This story is published in partnership with Life & Thyme.
Sake has existed for thousands of years, first appearing in texts as far back as the third century. The wine has long been used in spiritual Shinto or Buddhist ceremonies and enjoyed at the Imperial Court. One ancient origin story says that young virginal maidens, gathered at shrines, would chew and spit rice kernels into water, the enzymes in their saliva kick-starting the molecular conversion needed to transform the grain into alcohol. Sake has evolved over the centuries, brewer's secrets passing through the skilled hands of monks and government-appointed masters, to arrive at our table in myriad forms of deliciousness — both modern and traditional. With a rich history and seemingly endless varieties and styles, it's a shame many oversimplify sake on a menu, corralling it into just two categories: "hot" or "cold."
To help introduce and better understand this storied beverage, we turn to Courtney Kaplan, sommelier, sake aficionado and co-owner of restaurants Tsubaki and Ototo in Los Angeles. Kaplan has been quietly revolutionizing the way Angelenos drink sake, making the dauntingly wide world of rice wine fun and approachable.
When first educating staff, Kaplan starts with a basic explanation of the sake brewing process. At their simplest, the steps for creating sake unfold as follows: Take whole, brown rice. Polish the grains to expose the starchy interior. Wash, soak and steam the rice and add koji mold. Make a starter with that koji rice, water, yeast and more steamed rice. Mix the starter with even more rice. Let it ferment into alcohol. Then, filter, pasteurize, dilute and age.
Let's break down a few of these elements and processes to identify the nuances and techniques that make sake production — and the brewer's choices along the way — unique.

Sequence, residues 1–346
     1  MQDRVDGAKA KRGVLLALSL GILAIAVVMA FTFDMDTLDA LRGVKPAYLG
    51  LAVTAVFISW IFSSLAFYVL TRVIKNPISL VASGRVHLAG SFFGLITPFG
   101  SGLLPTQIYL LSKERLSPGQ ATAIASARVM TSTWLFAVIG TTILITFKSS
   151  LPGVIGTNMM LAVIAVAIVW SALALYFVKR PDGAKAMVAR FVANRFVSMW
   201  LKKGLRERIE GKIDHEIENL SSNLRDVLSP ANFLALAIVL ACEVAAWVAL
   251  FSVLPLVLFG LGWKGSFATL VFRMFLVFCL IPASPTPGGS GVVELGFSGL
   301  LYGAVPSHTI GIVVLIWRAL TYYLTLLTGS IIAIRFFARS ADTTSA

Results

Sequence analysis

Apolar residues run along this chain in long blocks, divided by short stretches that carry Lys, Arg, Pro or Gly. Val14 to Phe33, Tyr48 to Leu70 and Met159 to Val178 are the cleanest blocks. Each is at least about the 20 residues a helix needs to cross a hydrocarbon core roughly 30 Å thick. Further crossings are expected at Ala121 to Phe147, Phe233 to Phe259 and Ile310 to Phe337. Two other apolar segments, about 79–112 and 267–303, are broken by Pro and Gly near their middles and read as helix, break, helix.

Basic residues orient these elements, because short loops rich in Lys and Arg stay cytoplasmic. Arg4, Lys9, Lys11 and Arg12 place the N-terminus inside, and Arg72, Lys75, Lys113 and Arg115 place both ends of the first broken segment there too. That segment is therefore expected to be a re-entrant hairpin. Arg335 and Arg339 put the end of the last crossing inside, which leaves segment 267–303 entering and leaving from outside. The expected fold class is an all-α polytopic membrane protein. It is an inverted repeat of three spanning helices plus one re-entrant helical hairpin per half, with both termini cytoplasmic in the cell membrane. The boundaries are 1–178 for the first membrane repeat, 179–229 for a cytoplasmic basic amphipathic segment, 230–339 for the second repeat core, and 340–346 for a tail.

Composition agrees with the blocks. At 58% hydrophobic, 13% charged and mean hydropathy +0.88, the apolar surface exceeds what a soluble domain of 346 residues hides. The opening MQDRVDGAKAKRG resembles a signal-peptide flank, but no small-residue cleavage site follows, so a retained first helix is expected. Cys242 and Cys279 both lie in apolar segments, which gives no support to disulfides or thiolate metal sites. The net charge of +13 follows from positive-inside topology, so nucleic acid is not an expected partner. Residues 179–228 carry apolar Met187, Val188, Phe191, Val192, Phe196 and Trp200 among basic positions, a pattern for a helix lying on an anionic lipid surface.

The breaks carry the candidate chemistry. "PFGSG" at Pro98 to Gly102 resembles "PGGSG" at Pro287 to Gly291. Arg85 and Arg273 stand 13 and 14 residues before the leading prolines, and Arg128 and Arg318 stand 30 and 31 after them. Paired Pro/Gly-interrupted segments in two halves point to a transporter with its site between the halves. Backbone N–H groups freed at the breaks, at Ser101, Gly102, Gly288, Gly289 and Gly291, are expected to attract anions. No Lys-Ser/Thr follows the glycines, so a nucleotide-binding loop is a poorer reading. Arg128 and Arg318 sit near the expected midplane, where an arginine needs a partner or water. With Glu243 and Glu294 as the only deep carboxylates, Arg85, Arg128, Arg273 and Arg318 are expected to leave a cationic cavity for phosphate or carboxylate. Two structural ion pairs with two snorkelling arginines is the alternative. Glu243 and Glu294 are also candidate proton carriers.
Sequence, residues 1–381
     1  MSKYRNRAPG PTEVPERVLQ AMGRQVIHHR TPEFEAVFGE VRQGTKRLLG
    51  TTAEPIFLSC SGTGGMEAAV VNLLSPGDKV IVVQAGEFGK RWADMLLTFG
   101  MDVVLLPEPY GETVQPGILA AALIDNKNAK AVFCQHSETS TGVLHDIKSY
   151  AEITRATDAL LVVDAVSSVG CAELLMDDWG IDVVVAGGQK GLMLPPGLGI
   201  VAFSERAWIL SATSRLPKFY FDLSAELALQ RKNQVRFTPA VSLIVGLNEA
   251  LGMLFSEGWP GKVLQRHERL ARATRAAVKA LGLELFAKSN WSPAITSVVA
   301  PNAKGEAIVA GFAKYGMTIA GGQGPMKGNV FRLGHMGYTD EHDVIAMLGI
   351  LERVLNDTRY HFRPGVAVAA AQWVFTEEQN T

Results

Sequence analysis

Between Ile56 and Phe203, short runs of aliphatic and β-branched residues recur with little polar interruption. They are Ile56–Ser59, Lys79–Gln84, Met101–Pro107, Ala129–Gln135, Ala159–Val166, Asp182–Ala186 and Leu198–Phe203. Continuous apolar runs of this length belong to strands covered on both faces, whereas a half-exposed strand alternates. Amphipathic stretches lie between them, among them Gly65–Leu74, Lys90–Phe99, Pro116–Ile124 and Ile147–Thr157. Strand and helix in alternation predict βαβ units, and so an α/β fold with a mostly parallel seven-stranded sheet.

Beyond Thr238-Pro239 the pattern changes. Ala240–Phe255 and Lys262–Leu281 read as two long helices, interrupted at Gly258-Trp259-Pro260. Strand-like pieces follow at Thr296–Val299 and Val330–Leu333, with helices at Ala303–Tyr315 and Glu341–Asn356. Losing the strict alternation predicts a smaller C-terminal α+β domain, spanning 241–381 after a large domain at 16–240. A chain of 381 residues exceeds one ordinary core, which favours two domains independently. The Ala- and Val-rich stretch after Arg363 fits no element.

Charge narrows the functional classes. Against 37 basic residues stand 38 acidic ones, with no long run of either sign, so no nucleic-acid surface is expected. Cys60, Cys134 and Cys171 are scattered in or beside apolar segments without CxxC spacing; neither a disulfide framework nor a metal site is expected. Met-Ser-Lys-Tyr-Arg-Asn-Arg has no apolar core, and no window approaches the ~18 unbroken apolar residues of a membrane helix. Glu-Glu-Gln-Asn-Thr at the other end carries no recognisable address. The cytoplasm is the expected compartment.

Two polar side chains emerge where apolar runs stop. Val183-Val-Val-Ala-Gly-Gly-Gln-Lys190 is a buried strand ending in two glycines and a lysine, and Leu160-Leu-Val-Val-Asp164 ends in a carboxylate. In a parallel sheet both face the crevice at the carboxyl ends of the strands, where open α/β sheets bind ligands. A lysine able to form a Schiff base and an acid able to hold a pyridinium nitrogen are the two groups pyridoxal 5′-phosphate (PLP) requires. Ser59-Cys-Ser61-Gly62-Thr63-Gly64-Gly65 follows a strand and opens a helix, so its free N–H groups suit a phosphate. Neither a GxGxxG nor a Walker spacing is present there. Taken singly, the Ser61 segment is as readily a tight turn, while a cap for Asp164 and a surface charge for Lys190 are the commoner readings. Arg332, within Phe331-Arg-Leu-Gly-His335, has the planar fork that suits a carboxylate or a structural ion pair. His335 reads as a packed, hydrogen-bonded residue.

Among around the 100 varieties of rice cultivated for sake making, Kaplan identifies the three most commonly used as Yamada Nishiki, Gohyakumangoku and Omachi.
Yamada Nishiki: This is the "king" of sake rice and is the most commonly grown in Japan. Yamada Nishiki special varietal forms the base for many of Japan's most prized sakes. Although widely farmed, Yamada Nishiki from certain prestigious regions are highly coveted, especially from the grain's region of origin — Hyōgo Prefecture. Kaplan notes, "it's a pretty flamboyant style of rice. It makes a fruity, flavor-forward, personality-filled, style of sake."
Gohyakumangoku: Gohyakumangoku hails from the Niigata Prefecture in Japan, where sake tends to lean light and dry. Kaplan calls gohyakumangoku a "clean, precise, quieter rice," producing styles that may not be as flashy as their counterparts.
Omachi: Native to the Okayama Prefecture, Omachi is the oldest known variety of heirloom sake rice. Kaplan explains that for a long time, growers preferred not to work with Omachi due to the grass' height, which can reach up to four feet. A lot of precious product would be lost to the wind. However, Kaplan has noticed an increase in popularity, with brewers proudly mentioning the varietal on the bottle. Omachi contributes to more earthy, herbaceous and savory styles of sake.
One of the most important steps on the road to sake making, rice polishing, greatly affects the final outcome in texture, flavor and style. The whole brown rice is milled to remove the layers of outer proteins and fat, revealing its starchy heart. The percentage of rice grain remaining after milling determines the style of sake, with legal polishing requirements to acquire certain labelings (more on this later!).
According to Kaplan, water is one of the most talked about elements when it comes to pride in sake-making, with entire pages of brewery websites devoted to proclaiming the cleanliness and notoriety of their water source. In mountainous regions, breweries often use snowmelt, runoff from famous mountains like Mount Fuji. Kyoto boasts of incredible soft water, pulled from underground. Much of the final beverage is water, which is added along the entire process and used in dilution at the end, therefore extraordinary attention is attached to its origin.